Writing entries for a reflective journal is often a daunting aspect of teacher training, as we are not used to writing diaries. We are doubtful about our ability to reflect properly, we ask ourselves if we have anything important to reflect on, we are unsure of the format such reflections should take. “It was a tedious and a personal task and it was not something that I would look forward to” (Trainee teacher reflection, 2015)
This is a re-blog post by Nicole Brown and published with kind permission.
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However, most practitioners who keep reflective diaries more or less regularly, see the long-term benefits and therefore will advocate the use of journals for our students. So here are some ground rules or basic principles for entries in a reflective journal:
Firstly, the entries need to be honest. Unless the journal has to be submitted to a marker as part of an assignment you can keep your entries to yourself and do not need to show anyone. When you record what happened in your practice, be honest about the situation, about your actions and your feelings, even if this may not paint you in a good light. This is not about showing you off as a perfect teacher, this is about your learning and development.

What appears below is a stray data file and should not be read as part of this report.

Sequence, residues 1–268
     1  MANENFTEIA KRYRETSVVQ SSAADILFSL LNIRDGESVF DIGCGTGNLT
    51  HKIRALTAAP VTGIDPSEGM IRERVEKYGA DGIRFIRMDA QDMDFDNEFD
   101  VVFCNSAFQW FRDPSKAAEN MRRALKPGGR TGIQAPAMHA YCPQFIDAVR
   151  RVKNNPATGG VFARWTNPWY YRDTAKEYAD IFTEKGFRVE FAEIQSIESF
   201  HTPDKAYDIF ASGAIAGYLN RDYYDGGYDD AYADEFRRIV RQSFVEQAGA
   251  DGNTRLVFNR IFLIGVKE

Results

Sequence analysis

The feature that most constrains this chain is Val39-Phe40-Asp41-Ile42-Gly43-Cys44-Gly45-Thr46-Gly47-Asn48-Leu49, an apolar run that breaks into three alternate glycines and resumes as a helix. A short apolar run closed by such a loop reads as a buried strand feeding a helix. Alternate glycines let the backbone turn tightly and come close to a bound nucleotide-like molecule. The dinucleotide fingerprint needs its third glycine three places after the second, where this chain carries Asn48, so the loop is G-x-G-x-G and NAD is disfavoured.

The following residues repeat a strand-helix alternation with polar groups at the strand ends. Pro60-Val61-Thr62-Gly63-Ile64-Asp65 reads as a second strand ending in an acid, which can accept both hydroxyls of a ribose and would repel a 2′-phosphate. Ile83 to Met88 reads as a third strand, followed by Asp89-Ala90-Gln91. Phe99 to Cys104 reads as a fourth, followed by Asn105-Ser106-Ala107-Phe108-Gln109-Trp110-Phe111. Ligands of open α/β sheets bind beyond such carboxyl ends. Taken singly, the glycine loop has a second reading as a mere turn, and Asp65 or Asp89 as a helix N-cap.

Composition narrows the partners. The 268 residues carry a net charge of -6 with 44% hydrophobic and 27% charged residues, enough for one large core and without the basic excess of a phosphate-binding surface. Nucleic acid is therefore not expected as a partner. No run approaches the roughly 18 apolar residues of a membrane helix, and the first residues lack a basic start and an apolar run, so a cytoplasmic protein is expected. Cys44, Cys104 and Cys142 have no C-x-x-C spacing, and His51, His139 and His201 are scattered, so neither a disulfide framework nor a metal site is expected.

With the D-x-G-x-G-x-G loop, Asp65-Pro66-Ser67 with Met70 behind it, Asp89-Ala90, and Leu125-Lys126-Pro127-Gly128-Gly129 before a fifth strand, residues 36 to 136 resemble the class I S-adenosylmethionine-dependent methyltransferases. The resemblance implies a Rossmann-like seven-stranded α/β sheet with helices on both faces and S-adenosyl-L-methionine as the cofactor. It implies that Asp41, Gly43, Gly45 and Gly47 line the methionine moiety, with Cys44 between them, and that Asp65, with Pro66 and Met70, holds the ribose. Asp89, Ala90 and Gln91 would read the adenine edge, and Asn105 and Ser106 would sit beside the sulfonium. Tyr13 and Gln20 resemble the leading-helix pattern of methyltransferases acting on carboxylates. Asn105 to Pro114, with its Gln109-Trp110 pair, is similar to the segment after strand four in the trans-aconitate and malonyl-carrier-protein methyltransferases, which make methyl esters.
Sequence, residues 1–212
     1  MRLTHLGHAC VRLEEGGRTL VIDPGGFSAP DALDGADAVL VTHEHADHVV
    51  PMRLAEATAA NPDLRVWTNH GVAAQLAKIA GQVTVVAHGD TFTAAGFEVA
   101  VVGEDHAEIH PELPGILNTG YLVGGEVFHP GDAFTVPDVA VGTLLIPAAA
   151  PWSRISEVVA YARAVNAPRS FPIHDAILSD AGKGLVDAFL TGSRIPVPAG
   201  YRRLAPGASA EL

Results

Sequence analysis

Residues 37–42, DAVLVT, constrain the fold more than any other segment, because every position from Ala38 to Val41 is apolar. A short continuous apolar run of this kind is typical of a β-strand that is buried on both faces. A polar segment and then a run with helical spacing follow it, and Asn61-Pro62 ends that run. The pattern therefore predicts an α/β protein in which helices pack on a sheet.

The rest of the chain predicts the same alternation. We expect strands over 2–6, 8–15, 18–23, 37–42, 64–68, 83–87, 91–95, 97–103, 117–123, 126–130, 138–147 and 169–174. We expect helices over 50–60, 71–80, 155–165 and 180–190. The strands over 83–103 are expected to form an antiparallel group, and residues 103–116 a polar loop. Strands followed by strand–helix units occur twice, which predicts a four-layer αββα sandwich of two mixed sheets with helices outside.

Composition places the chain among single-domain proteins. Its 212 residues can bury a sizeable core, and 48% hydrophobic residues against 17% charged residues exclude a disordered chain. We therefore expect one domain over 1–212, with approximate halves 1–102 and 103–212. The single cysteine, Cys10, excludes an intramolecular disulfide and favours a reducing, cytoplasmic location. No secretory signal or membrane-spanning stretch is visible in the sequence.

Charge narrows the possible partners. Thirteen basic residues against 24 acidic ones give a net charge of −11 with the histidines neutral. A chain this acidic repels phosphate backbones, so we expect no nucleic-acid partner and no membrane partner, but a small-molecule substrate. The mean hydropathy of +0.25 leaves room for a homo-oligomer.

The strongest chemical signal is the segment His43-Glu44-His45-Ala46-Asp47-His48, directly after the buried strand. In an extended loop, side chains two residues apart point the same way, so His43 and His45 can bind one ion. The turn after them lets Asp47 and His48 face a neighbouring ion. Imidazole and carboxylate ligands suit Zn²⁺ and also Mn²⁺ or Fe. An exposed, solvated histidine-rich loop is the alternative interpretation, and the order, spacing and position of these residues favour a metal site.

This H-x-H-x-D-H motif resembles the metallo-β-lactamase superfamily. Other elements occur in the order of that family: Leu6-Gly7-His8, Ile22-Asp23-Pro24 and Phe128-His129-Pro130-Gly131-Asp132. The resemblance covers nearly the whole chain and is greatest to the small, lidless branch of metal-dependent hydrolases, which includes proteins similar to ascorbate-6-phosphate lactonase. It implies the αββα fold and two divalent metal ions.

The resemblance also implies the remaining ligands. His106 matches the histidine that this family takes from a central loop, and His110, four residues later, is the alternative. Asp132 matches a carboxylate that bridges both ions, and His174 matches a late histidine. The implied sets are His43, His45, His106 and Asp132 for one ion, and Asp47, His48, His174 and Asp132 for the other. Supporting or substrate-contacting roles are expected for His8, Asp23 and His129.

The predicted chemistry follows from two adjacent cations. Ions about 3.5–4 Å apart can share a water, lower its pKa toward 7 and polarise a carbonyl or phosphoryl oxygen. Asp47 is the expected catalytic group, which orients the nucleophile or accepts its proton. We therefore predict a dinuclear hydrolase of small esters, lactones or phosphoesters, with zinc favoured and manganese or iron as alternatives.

Use a reflective model to make your reflections systematic and meaningful. You may have to experiment with various models before you find one that suits you best. You can obviously also adapt and combine existing models for your own purpose.
The format of the journal
Buy a journal and a pen you like, invest in a journalling app, use the software you already have. The format of the reflections does not matter, whether they are handwritten or typed, in full sentences or bullet points and sketches or diagrams. Unless this is for an assignment you are in charge of your journal and you decide on the format. You may want to try out different formats to see what works best for you. You just need ot make sure that your notes and sketches are legible and clear enough for you to be able to make sense of them a few months down the line.
Write, write, write
Do not feel self-conscious about the writing process. Write whatever comes to your mind and make sure you write regularly.